‘Million Women March’ Protest Was Appropriating Black Activism
Above Photo: Facebook
A high-profile effort to protest president-elect Donald Trump the day after he’s inaugurated received backlash from some people of color and progressives this week.
Due to Trump’s many sexist comments about women, organizers say may people independently had the idea to have a women’s march to protest the soon to be president. They joined forces on social media to form the “Million Women March.”
Many black women quickly pointed out using that name is appropriation.
— Nyasha Junior (@NyashaJunior) November 12, 2016
Here’s what one critic wrote on Facebook:
“Someone sent me an invite to this. The Million Woman March first occurred in 1997 by and for Black women, following the Million Man March in 1995 for Black men. I have already expressed in the group that I take issue with white feminists taking the name of something that Black people started to address our struggles. That’s appropriation. My understanding is that others have voiced this concern, but it has yet to be addressed. I will not even consider supporting this until the organizers are intersectional, original and come up with a different name.”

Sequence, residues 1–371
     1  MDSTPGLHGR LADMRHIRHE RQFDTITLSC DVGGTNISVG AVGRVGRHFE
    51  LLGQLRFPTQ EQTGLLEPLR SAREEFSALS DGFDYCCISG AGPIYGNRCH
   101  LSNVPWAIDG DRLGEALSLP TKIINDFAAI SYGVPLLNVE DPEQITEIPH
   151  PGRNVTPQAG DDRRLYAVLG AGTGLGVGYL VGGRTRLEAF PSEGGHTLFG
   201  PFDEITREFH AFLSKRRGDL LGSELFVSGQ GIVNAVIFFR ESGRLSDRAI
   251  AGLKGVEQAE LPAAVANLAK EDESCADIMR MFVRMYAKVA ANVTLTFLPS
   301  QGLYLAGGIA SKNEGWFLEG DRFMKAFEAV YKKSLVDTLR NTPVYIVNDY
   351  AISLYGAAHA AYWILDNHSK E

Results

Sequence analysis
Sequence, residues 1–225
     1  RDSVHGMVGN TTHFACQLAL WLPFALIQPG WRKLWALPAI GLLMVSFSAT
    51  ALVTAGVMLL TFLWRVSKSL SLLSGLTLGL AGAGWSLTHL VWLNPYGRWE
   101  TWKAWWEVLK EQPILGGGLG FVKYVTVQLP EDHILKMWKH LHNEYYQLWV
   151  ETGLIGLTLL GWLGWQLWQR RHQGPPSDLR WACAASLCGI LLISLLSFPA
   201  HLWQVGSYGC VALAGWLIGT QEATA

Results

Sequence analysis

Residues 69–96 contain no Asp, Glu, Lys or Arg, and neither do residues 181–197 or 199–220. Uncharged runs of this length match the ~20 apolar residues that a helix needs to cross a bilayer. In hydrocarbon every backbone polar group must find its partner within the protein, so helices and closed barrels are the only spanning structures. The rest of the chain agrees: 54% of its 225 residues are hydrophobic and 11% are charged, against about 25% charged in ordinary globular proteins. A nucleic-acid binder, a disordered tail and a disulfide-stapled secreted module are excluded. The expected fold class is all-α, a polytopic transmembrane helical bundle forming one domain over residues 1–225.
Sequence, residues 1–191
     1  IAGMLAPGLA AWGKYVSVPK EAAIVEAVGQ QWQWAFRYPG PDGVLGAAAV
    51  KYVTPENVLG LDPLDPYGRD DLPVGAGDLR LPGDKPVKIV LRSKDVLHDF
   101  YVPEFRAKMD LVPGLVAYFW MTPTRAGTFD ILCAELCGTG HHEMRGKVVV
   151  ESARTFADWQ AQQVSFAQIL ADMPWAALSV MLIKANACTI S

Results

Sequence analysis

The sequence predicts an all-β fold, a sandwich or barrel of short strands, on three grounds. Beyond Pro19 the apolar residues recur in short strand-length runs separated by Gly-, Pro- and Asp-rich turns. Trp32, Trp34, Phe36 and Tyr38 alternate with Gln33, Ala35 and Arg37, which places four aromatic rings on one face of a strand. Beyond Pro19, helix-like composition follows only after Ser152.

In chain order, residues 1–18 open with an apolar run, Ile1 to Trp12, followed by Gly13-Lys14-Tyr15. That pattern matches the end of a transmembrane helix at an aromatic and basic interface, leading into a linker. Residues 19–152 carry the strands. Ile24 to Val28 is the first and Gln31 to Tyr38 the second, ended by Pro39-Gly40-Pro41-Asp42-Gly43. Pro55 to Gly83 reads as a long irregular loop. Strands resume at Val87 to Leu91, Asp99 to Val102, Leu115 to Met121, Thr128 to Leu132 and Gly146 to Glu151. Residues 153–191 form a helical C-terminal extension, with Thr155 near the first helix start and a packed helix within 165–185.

The “Million Women March” in 1997 was a response to feminists ignoring the concerns of people of color, making the use of the name especially cringeworthy.
Critics of calling the event the “Million Women March” were met with support from many other people interested in the event, and organizers changed the name to the “Women’s March on Washington.”
Considering the history of white feminists not being inclusive—and sometimes being downright hostile—to people of color, the frustration is understandable. While the initial name was tone deaf to that history, the change demonstrates a willingness to listen and a step in the right direction.
Some critics still argue the new name of the event isn’t inclusive enough, as the focus is on women and not necessarily the many other identity groups Trump has attacked.